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Senior Project: 2. Locate

Guide to the research process required to complete the WSA Senior Project.

The Research Process

research process

The second stage of the research process is to locate the information you need.The important thing to remember is to not be overwhelmed by the amount of information out there, just collect what you think might be useful to you.  If you look in the right places and search efficiently you can find relevant resources quickly and easily.

See this page for suggestions on:

How to select appropriate information
How to search effectively in databases and on the Internet
How to use Boolean Operators
Why you need a range of sources
How to archive and annotate webpages and PDF files using NoodleTools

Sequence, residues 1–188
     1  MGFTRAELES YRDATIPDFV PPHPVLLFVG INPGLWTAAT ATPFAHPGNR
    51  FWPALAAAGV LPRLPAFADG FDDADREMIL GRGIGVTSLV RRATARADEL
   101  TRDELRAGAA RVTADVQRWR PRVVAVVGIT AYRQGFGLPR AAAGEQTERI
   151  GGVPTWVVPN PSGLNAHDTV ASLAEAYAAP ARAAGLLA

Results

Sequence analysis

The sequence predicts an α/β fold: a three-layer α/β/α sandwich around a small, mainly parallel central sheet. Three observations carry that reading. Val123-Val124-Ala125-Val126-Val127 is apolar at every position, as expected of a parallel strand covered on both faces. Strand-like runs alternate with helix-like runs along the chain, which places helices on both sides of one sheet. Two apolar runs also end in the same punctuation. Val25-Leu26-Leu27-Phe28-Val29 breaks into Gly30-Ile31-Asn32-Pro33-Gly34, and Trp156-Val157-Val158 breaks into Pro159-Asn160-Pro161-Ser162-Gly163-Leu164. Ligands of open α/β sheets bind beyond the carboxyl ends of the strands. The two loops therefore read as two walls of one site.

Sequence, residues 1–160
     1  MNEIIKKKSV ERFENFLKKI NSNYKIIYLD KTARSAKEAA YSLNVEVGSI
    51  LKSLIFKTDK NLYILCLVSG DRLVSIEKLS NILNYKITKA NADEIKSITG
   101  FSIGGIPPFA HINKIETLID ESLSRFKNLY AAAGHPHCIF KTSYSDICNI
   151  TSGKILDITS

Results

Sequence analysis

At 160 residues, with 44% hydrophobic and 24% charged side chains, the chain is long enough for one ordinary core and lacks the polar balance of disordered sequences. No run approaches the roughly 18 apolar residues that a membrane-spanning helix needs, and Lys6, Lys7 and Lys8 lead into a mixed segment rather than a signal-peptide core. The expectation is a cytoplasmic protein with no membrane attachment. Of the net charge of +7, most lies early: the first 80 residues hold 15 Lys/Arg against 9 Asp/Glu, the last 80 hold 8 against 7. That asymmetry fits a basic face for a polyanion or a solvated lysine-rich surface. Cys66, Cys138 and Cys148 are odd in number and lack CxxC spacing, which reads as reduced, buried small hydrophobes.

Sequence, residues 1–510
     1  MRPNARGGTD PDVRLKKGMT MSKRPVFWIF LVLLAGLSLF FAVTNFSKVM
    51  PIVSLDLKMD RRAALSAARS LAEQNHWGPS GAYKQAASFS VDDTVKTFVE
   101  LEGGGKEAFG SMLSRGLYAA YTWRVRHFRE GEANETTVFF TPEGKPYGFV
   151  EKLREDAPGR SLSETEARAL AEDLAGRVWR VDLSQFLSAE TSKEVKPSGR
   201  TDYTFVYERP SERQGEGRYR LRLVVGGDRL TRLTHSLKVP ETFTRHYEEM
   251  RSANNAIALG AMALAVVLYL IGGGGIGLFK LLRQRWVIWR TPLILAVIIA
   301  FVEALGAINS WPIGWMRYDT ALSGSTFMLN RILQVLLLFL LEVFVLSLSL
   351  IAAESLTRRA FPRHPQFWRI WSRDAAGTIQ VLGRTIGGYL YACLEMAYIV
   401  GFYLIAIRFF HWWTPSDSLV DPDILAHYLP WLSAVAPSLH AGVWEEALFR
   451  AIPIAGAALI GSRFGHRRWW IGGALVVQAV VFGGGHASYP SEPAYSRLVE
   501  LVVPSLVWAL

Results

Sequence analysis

Choosing an online tool for bookmarking and organizing 

 

See other pages in this section to learn how to locate:
          Books
          Articles
          Search engines, repositories, and directories
          Websites by subject

 

Select appropriate information

 

It is important to appreciate when and how information becomes available, this can help you to understand more about the material you find in your research.  

Where does what you found fit in to the 'information cycle' for the event or topic you are investigating? 

(This video from Kimbel Library is a quick, if irreverent, explanation of this pattern of facts, analysis, and introspection surrounding events.)

When an historic, news-worthy event occurs, such as a terrorist bombing, earthquake, or weather-related disaster, information begins to be created almost immediately and will continue to be created for years into the future.  

If a major event occurs today, almost immediately there will be eyewitness accounts of the event, people who are there will take photographs, post their experiences on Facebook or Twitter, write a blog post or diary entry or send a text to a friend.  These are examples of primary sources of information.